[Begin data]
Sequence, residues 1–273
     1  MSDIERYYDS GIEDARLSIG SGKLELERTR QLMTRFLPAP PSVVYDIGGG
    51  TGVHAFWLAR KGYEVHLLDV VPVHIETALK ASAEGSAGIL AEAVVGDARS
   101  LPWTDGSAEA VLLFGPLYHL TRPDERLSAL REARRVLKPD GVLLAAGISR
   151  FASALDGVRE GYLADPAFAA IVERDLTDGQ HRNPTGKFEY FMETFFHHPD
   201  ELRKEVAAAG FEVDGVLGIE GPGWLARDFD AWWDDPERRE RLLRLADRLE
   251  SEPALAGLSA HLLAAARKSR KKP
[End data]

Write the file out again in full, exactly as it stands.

Sequence, residues 1–273
     1  MSDIERYYDS GIEDARLSIG SGKLELERTR QLMTRFLPAP PSVVYDIGGG
    51  TGVHAFWLAR KGYEVHLLDV VPVHIETALK ASAEGSAGIL AEAVVGDARS
   101  LPWTDGSAEA VLLFGPLYHL TRPDERLSAL REARRVLKPD GVLLAAGISR
   151  FASALDGVRE GYLADPAFAA IVERDLTDGQ HRNPTGKFEY FMETFFHHPD
   201  ELRKEVAAAG FEVDGVLGIE GPGWLARDFD AWWDDPERRE RLLRLADRLE
   251  SEPALAGLSA HLLAAARKSR KKP